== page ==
Hollywood actor Dennis Hopper has died at the age of 74 following a battle with prostate cancer.
Known for such cult classics as Easy Rider, Apocalypse Now and Blue Velvet, Hopper embodied the image of the Hollywood icon.
Hopper died on Saturday morning surrounded by friends and family at his home in Venice, California.
He was last seen in public in March when he was honoured with a star on Hollywood’s Walk of Fame.
“Dennis Hopper died this morning at 8:15 am from complications of metastasised prostate cancer. He died at home in Venice surrounded by family and friends,” manager Sam Maydew said in a statement.
Hopper’s career was one of the most long-lived in an industry which is notorious for chewing up its stars. It began in the era of the 1950s with a role opposite James Dean in Rebel Without a Cause, flowered in art films of the 1960s and 1970s, and then transitioned into the modern era of the blockbuster, as he specialised in psychotic villains. “Great actor. Great director. Great American. Terrible loss. God bless the wild man with the gentle soul. May he rest in peace,” wrote John Nolte, editor-in-chief of the Big Hollywood blog. “We all knew this was coming, but that does not lessen the blow.”
Certainly not every role Hopper took was a great one. Especially towards the end of his career, he appeared in many movies that did little to impress critics or audiences. In his filmography cinematic duds such as Hell Ride and The Crow: Wicked Prayer sit alongside true classics including Blue Velvet, Giant, and Cool Hand Luke and Speed. But Hopper’s wild-eyed, scenery-chewing performances often lifted the quality of any B-movie, reminding viewers that he was one of the most watchable of Hollywood stars. “There are moments that I’ve had some real brilliance, you know,” he reflected recently. “But I think they are moments. And sometimes, in a career, moments are enough.”
With a reputation as a difficult actor to work with, Hopper had also begun working as a photographer in the 1960s. That flowered into an alternative career that included painting and poetry. Earlier this year he was on the shortlist for a show at the LA Museum of Contemporary Art .
His private life was as variable as his professional one. He married five times and fathered four children. One of his marriages, to his second wife, Michelle Phillips, a singer in the group The Mamas and the Papas, lasted just eight days in 1970. Of the experience Hopper famously quipped: “Seven of those days were pretty good. The eighth day was the bad one.” His final marriage, to actress Victoria Duffy took place in 1996. The pair were undergoing a bitter divorce when he died. So bitter, in fact, that a dreadfully ill Hopper sought a restraining order against his spouse even though he was dying and virtually bedridden.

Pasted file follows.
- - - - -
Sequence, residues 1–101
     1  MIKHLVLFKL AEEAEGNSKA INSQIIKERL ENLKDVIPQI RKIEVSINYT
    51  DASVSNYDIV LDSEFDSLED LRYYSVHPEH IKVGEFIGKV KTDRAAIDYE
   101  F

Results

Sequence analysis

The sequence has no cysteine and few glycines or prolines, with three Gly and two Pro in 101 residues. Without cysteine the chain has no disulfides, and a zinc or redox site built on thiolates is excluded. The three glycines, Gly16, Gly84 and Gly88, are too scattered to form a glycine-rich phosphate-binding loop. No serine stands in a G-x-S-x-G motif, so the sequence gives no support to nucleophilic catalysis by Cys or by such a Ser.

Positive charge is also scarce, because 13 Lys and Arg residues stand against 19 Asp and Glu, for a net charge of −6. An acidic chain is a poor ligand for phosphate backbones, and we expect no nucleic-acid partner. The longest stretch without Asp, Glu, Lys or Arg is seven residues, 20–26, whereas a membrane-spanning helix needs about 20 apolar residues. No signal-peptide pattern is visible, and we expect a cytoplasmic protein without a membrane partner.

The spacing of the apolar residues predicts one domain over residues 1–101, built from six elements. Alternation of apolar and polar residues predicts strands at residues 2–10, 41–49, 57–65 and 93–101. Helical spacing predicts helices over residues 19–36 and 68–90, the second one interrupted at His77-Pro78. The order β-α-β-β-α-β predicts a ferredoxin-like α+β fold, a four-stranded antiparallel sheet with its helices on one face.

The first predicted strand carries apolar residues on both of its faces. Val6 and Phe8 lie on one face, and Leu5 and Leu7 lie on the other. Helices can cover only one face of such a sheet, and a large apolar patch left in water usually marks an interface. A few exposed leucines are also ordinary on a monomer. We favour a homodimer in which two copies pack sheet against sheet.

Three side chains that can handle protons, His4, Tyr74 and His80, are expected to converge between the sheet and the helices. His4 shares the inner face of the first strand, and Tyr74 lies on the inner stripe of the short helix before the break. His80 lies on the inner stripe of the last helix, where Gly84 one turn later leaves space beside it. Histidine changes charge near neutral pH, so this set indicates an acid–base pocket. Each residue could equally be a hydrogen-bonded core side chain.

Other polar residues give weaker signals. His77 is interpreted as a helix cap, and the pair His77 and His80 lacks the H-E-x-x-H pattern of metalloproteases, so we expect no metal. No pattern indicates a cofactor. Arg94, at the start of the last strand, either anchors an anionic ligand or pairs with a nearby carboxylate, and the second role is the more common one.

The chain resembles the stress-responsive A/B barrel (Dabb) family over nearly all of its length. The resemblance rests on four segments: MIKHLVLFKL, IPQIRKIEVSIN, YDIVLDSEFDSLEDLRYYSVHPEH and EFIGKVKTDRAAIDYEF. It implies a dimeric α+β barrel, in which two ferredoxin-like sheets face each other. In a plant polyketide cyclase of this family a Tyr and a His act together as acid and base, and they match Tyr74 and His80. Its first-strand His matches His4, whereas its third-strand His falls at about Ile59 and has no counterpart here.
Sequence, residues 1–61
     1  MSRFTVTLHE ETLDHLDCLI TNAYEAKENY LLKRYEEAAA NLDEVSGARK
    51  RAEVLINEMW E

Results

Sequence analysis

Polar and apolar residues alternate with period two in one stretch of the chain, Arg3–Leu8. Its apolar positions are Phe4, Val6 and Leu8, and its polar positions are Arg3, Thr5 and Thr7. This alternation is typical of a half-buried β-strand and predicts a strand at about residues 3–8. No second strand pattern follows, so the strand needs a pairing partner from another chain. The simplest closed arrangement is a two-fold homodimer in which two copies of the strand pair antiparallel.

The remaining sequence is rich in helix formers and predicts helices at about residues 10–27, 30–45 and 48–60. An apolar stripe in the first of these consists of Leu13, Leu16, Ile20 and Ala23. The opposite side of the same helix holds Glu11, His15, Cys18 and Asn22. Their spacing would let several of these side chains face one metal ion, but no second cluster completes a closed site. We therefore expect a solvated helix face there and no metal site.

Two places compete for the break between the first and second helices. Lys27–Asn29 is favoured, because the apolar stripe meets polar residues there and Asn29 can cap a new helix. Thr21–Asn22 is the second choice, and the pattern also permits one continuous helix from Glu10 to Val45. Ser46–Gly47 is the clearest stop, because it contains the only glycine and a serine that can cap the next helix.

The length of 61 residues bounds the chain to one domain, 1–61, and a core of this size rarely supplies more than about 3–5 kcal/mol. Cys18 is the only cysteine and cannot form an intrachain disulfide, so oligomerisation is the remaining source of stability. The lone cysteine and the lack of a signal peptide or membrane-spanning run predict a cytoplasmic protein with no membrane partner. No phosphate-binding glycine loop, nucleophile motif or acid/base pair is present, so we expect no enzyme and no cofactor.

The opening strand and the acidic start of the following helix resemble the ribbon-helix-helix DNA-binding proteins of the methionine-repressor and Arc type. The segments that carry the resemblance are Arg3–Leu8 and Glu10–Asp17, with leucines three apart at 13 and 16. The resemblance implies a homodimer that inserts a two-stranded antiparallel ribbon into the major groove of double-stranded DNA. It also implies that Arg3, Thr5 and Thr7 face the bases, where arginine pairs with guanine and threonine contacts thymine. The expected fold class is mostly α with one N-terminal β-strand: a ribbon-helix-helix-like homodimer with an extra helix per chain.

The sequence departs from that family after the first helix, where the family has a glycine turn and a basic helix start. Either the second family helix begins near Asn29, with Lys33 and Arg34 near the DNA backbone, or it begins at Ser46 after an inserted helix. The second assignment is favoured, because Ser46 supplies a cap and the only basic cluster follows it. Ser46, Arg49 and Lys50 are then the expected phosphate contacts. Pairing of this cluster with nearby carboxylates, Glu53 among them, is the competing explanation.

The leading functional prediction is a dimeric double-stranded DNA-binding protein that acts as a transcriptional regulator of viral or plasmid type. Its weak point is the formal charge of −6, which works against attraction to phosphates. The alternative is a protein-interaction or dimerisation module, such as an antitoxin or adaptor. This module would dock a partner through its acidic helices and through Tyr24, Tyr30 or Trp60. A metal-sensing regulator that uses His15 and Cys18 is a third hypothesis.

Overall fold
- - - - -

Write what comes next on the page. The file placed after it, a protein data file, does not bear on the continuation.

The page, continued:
In a career spanning more than 50 years, Hopper appeared alongside his mentor James Dean in Rebel Without a Cause and Giant.
He was best known for starring in the 1969 cult classic Easy Rider, for which he received an Oscar for the movie’s original screenplay.
The film is regarded as one of the greatest films of American cinema.
The low-budget blockbuster, orginally conceived by Peter Fonda, introduced mainstream moviegoers to pot smoking, cocaine dealing and long haired bikers.
“We’d gone through the whole ’60s and nobody had made a film about anybody smoking grass without going out and killing a bunch of nurses,” Hopper said in 2005.
“I wanted ‘Easy Rider’ to be a time capsule for people about that period.”
Hopper and Fonda were joined on screen by a then-unknown Jack Nicholson as an alcoholic lawyer.
Other cult classics included Apocalypse Now and Blue Velvet.
Hopper fell ill last September but continued working for months on his TV series Crash and on a book showcasing his photography.
In late March, he did attend the ceremony unveiling his own star on the Hollywood Boulevard, flanked by some of the many screen legends he worked with over a career spanning nearly half a century.
“Everyone here today that I’ve invited and obviously some that I haven’t invited have enriched my life tremendously,” Hopper said.
“They’ve shown me a world that I would never have seen being a farm boy from Dodge City, Kansas, and learning things I would never have learned,” he added.
Hopper married five times but his final months had been consumed by a bitter divorce battle with his fifth wife Victoria Duffy. He is survived by four children.